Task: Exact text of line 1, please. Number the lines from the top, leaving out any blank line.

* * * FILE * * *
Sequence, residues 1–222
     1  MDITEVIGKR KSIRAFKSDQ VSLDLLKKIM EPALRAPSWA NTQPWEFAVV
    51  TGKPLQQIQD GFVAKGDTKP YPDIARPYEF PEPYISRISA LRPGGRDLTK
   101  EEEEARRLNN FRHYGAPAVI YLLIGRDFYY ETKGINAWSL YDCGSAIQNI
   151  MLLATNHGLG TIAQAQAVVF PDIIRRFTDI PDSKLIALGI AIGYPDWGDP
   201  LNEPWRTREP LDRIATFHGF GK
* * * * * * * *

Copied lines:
Sequence, residues 1–222